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Luis J. Castro, MD Vincent A. Gaudiani, MD Audrey L. Fisher, MPH Aortic Valve Replacement: Strategies to Improve Outcomes (1998-2004) Sequoia Hospital.

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Presentation on theme: "Luis J. Castro, MD Vincent A. Gaudiani, MD Audrey L. Fisher, MPH Aortic Valve Replacement: Strategies to Improve Outcomes (1998-2004) Sequoia Hospital."— Presentation transcript:

1 Luis J. Castro, MD Vincent A. Gaudiani, MD Audrey L. Fisher, MPH Aortic Valve Replacement: Strategies to Improve Outcomes (1998-2004) Sequoia Hospital Redwood City, CA

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5 Prosthesis-Patient Mismatch (PPM) Definition: Valve Prosthesis too small relative to patient’s body size Definition: Valve Prosthesis too small relative to patient’s body size Consequence: Persistence of abnormally high postoperative gradients…the reason why we operate on patients with A.S. in the first place Consequence: Persistence of abnormally high postoperative gradients…the reason why we operate on patients with A.S. in the first place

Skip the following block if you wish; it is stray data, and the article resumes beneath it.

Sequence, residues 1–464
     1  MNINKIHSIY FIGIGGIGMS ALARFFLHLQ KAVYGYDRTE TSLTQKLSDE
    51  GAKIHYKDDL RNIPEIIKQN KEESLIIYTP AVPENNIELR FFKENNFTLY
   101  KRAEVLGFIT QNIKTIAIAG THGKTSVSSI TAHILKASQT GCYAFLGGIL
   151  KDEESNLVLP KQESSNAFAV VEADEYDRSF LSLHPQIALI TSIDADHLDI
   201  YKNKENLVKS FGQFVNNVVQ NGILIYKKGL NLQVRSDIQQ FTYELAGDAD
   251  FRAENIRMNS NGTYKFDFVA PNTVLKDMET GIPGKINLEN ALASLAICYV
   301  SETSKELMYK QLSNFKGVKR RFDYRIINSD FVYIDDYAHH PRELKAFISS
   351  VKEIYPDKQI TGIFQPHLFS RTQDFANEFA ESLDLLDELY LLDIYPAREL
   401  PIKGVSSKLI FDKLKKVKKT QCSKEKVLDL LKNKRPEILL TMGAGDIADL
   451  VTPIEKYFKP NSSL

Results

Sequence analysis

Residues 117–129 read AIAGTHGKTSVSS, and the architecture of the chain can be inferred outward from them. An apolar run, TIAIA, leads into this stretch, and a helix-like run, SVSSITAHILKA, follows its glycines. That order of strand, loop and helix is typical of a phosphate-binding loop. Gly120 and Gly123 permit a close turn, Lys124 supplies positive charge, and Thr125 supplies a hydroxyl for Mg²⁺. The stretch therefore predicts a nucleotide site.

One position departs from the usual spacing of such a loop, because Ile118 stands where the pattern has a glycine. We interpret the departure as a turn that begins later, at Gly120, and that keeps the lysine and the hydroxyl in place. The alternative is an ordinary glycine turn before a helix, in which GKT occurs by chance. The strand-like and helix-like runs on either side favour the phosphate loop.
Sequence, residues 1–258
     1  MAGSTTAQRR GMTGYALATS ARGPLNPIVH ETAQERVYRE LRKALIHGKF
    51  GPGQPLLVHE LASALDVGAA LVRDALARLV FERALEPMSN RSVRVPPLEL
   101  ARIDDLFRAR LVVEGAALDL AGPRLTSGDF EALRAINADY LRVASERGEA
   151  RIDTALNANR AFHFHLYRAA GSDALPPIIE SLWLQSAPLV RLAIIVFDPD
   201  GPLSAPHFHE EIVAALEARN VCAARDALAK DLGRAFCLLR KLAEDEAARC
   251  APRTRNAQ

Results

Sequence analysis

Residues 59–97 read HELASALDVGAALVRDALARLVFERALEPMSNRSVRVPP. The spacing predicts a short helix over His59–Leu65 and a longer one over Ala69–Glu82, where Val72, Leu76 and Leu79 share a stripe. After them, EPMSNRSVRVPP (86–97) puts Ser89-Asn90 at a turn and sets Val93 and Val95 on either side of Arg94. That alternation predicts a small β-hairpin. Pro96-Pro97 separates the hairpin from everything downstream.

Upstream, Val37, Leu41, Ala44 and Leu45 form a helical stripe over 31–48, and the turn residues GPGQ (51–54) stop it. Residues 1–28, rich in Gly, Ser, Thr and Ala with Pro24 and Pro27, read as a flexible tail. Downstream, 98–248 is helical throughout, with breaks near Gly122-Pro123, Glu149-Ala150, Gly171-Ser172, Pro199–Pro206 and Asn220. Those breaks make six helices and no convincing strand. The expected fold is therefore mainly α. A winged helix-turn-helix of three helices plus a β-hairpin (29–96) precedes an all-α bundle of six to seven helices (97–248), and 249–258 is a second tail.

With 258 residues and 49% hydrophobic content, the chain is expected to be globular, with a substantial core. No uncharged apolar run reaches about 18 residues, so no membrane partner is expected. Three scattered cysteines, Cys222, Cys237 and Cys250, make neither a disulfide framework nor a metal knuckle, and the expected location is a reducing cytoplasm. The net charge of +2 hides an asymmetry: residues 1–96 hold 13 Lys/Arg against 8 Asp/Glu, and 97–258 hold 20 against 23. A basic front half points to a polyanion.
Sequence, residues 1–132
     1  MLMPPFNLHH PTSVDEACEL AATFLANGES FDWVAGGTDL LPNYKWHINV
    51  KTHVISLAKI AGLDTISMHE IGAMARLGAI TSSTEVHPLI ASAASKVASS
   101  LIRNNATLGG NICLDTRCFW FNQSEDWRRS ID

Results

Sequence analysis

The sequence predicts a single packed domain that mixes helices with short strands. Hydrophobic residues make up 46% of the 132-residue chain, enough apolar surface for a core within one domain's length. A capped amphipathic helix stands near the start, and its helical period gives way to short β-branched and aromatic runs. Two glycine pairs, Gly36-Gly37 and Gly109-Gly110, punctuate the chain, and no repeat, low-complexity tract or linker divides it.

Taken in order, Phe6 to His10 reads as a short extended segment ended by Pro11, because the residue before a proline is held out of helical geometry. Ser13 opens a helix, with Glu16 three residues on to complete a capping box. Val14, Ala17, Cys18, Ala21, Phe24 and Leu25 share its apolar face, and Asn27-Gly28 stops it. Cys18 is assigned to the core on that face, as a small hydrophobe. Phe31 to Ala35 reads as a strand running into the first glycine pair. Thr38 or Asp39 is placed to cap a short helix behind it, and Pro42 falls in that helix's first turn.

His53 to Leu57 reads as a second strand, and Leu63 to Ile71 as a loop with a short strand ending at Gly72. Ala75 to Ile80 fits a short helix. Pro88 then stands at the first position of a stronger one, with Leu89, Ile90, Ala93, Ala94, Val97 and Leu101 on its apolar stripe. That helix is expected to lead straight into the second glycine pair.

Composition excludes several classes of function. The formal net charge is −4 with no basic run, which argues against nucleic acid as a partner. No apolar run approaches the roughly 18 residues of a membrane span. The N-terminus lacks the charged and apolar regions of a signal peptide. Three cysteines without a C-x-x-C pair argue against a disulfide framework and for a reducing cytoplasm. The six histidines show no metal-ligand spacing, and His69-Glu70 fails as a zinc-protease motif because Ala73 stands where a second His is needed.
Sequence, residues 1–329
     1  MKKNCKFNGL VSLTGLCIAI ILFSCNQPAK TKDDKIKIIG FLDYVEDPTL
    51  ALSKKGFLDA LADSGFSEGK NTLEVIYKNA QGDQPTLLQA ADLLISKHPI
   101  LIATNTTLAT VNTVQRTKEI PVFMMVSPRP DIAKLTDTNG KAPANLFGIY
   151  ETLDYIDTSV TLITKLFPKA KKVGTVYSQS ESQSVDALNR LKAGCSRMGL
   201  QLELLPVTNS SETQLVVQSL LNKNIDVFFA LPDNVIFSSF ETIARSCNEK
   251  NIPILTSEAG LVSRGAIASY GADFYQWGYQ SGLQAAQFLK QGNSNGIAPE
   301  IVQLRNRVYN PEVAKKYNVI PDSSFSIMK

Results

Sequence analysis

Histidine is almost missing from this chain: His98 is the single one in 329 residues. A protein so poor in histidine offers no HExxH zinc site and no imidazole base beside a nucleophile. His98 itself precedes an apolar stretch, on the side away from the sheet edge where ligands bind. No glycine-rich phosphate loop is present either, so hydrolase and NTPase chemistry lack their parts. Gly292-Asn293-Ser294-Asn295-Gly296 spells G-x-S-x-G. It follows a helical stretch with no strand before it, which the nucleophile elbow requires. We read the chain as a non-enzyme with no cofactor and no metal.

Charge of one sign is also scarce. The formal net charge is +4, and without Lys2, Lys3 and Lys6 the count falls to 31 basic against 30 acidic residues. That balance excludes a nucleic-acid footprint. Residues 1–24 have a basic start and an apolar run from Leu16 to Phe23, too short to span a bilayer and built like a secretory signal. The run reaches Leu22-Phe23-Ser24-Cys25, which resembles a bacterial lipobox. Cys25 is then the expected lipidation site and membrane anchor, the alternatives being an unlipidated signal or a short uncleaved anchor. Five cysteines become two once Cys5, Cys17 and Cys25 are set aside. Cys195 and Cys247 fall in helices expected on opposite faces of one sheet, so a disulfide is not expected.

6 Mismatch ???

7 Gradient = Q2Q2Q2Q2 K  EOA 2 Cardiac Output (mL/min) EOA (cm 2 ) Gradient (mmHg) Mouse500.31Elephant 50 000 501 ElephantMismatch 0.3 11 000 000

8 We are not created equal !

9 Are Big Valves Better? Physics of flow through a tube: Resistance  1/radius 4 small increase in size causes a significant reduction in LV work.

10 Definition of PPM Based on Indexed EOA of Prosthesis Hanayama et al, Ann Thorac Surg 2002;73:1822–9 Pibarot & Dumesnil JACC 2000; 36: 1131-41

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12 Postoperative Mean Gradient at Rest (mmHg) Indexed internal geometric area (cm 2 /m 2 ) Indexed IGA vs. Projected Indexed EOA as Predictors of GradientsStentedStentless r=0.35 Mismatch r=0.67 Projected indexed EOA (cm 2 /m 2 ) Pibarot et al. Ann Thorac Surg 2001; 71: S265-8.

13 Impact of PPM on Clinical Outcomes Less improvement in functional class Increased incidence of late cardiac events Minimal regression of LVH Moderate impact on late mortality (>7years) Major impact on perioperative mortality, particularly if LV dysfunction present Pibarot & Dumesnil, JACC 2000; 36: 1131-1141 Blais et al, Circulation 2003;108: 983-988